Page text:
the productivity at shallow water depths and both double glass covers and high cover slopes were not justiﬁable. Garg and Mann [6] investigated a year round performance of the single and double-sloped solar stills. The productivity of still was found to increase with the decrease in water depth. The effect of water depth on daily yield of a still using a transient analysis method was conducted by Tiwari and Madhuri [11]. It was concluded that the daily yield increases with brine depth for an initial temperature of the brine ≥45 °C and decreased with depth for an initial temperature of the brine ≤40 °C. Kamal [12] used a theoretical model based on solving the time dependent simultaneous energy equations for the water, basin and glass cover to predict the effect of the water depth and insulation thickness on a still with its cover angle close to the annual optimum value. An experimental investigation veriﬁed the theoretical model. Sharma and Mullick [15] predicted analytically the hourly performance of a solar still for different water depths in the range of 5 to 15 cm. Al-Hinani et al. [19] used a mathematical model to predict the productivity of a simple solar still under different climatic, design and operational conditions. A shallow water basin with water depth of 0.02 m was found to be the optimum that produced an average annual yield of 4.15 kg/m2day. Al-Hayek and Badran [20] concluded that the productivity of the still could be increased by decreasing the water depth. The effect of wind speed on the daily productivity of solar stills by computer simulation was investigated by El-Sebaii [21]. A critical mass (depth) of basin water was indicated beyond which the productivity increases with the increase in wind speed up to a typical velocity. The critical mass (depth) was found to be 45 kg (4.5 cm). Singh and Tiwari [22] Developed analytical expressions for water and glass cover temperatures and yield as a function of water depth among other variables. On the basis of numerical computations, it was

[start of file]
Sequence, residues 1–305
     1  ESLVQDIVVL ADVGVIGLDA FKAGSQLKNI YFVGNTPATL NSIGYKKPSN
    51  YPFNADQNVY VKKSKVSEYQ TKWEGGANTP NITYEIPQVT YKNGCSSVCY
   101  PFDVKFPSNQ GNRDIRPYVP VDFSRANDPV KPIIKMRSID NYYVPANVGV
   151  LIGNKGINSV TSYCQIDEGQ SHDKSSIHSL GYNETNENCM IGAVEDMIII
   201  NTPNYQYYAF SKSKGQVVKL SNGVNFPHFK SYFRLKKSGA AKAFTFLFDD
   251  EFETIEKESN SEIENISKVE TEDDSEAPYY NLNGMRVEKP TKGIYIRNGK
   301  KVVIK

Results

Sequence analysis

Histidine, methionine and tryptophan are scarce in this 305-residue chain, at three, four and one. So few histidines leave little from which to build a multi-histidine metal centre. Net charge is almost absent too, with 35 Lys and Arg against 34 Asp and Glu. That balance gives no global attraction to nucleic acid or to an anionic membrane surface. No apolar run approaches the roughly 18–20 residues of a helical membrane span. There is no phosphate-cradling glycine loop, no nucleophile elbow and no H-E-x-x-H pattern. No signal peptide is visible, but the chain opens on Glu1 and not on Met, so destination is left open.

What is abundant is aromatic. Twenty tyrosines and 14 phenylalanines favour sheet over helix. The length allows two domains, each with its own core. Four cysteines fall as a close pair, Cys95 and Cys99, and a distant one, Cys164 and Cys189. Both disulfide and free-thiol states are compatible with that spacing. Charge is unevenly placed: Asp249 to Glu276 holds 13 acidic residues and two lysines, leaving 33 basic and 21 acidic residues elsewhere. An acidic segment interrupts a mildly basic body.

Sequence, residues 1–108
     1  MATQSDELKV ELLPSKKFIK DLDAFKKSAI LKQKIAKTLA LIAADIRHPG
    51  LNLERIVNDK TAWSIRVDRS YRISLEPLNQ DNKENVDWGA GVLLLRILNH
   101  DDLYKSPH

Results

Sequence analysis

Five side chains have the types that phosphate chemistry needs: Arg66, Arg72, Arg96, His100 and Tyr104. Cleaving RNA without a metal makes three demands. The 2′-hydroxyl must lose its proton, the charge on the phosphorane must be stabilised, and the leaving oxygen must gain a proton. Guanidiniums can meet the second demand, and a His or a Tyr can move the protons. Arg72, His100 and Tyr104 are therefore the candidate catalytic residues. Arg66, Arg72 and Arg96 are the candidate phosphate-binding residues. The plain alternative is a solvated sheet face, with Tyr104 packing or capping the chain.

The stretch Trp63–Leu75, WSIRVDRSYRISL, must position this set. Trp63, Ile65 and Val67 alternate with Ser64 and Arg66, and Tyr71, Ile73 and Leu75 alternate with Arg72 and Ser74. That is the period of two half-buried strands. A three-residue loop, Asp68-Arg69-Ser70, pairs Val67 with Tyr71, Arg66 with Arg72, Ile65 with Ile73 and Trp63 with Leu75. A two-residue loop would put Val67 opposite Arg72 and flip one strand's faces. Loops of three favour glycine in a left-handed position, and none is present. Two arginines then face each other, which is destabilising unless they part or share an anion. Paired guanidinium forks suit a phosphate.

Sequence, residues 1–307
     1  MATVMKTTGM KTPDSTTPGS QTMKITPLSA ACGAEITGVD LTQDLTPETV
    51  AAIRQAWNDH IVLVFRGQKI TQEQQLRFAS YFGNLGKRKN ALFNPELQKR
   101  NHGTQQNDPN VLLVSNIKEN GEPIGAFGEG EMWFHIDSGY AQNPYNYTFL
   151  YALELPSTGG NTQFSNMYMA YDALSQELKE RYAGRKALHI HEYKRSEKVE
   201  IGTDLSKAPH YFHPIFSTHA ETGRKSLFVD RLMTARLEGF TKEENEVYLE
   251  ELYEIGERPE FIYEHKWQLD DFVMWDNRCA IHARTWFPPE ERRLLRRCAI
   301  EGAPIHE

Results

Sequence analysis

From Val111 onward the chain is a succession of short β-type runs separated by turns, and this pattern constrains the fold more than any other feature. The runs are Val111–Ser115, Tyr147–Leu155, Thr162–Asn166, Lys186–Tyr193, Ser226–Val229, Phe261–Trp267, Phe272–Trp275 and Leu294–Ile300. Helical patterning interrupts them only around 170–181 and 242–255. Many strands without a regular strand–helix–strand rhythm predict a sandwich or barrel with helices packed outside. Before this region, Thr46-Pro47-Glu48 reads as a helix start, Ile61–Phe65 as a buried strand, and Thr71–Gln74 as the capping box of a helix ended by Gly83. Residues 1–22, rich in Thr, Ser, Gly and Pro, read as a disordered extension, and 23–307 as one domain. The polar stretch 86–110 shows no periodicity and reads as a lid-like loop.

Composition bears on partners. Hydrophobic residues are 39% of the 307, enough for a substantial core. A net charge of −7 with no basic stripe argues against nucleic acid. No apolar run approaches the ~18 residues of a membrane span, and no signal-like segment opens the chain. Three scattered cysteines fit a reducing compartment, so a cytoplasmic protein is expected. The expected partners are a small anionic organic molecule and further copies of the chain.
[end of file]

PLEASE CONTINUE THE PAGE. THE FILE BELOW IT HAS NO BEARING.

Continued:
A.J.N. Khalifa, A.M. Hamood / Desalination 249 (2009) 24–28